Locating Intersections of Medicine and Mobility in 19th-Century Britain
4-5 October 2019
While the 18th century brought forth important breakthroughs in midwifery, obstetrics, vaccination and public health and hygiene, it is the 19th century which witnessed the rise of modern and institutionalised medicine and continues to be known for its scientific discoveries and new diagnostic procedures. A similar development can be observed with regard to mobility during this period. The technological advancements of the industrial revolution, the spread of railways, steamboats, the underground and omnibuses marked the dawn of mass tourism and made it easier for the greater population to move from one place to another than ever before, be it for necessity or for pleasure. The aim of this conference is to locate and examine possible intersections between medicine and mobility in 19th-century Britain, an intriguing topic that has only received little scholarly attention thus far. At the centre of discussion will be the literary, cultural and historical processes through which medicine and mobility are intertwined and reconfigured in the 19th century. We are interested in debating the following questions: What are the links between (im-)mobility, health, and medical surveillance and how are these issues represented in literary texts and other cultural artefacts in the 19th century? Which physiological movements were pathologised and which were considered beneficial? How did mobility and mass tourism affect forms of therapeutic exercise and the implementation of innovative treatments and vice versa? What impacts did race, gender, sexuality and class have on (im-)mobility and medicine?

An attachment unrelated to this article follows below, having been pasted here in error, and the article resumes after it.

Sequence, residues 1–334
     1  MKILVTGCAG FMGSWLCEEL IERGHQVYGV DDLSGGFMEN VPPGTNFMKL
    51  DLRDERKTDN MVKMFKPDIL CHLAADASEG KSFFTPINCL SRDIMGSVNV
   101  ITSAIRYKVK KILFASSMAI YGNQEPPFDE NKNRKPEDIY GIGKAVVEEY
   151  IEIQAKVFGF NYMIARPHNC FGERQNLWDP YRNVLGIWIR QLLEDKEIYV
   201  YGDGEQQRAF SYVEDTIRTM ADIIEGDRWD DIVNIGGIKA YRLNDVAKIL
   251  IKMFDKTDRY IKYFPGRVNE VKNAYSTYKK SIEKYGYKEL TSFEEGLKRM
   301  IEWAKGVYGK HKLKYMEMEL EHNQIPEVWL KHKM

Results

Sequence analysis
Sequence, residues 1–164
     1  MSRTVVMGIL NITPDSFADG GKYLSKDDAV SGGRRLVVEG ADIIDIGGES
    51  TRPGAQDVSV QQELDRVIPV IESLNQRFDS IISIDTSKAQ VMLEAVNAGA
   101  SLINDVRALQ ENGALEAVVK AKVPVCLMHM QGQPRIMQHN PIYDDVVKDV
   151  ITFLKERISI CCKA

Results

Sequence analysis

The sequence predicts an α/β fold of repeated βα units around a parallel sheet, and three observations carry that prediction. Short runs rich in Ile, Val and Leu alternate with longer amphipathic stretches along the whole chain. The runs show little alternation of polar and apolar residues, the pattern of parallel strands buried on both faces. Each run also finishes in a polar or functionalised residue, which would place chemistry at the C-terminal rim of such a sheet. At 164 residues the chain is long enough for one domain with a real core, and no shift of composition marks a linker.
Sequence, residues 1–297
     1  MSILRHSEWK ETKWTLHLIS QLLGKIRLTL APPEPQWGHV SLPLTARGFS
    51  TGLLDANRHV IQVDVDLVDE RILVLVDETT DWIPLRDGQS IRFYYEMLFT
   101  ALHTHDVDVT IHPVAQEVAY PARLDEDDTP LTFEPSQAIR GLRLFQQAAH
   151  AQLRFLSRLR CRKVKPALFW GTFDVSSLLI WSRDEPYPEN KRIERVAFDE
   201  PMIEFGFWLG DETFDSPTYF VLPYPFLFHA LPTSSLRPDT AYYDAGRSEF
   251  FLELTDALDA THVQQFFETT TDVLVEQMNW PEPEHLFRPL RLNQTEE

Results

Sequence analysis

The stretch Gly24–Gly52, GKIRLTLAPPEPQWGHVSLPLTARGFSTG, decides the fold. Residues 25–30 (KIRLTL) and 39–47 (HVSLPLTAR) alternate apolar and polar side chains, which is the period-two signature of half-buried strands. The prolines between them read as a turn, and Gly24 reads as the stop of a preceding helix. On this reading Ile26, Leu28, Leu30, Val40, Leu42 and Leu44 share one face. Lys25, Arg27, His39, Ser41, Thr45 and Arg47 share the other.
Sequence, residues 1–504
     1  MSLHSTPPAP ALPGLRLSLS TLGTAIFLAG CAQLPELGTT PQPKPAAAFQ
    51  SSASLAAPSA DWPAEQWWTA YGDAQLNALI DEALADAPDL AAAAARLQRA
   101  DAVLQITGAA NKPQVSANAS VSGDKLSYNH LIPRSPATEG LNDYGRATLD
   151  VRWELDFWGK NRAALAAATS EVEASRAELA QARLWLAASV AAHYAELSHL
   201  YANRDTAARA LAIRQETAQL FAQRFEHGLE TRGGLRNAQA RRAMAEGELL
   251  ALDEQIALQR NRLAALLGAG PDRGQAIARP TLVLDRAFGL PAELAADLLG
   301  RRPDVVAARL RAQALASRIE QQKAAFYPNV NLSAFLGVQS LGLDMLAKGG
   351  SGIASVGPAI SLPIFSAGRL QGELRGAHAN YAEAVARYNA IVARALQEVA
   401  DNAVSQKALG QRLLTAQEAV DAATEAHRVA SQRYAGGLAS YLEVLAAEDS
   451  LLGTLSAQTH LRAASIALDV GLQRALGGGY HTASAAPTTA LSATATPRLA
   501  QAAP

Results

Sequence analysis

The conference is funded by the Fritz Thyssen Foundation and the Dekanat der Philosophischen Fakultät und Fachbereich Theologie, FAU.